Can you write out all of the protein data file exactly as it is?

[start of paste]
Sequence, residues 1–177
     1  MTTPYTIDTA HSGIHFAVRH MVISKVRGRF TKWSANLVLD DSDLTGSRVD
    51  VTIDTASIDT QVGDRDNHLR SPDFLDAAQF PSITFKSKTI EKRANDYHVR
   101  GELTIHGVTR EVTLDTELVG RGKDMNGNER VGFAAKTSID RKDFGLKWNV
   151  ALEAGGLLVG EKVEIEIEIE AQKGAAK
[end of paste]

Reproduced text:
Sequence, residues 1–177
     1  MTTPYTIDTA HSGIHFAVRH MVISKVRGRF TKWSANLVLD DSDLTGSRVD
    51  VTIDTASIDT QVGDRDNHLR SPDFLDAAQF PSITFKSKTI EKRANDYHVR
   101  GELTIHGVTR EVTLDTELVG RGKDMNGNER VGFAAKTSID RKDFGLKWNV
   151  ALEAGGLLVG EKVEIEIEIE AQKGAAK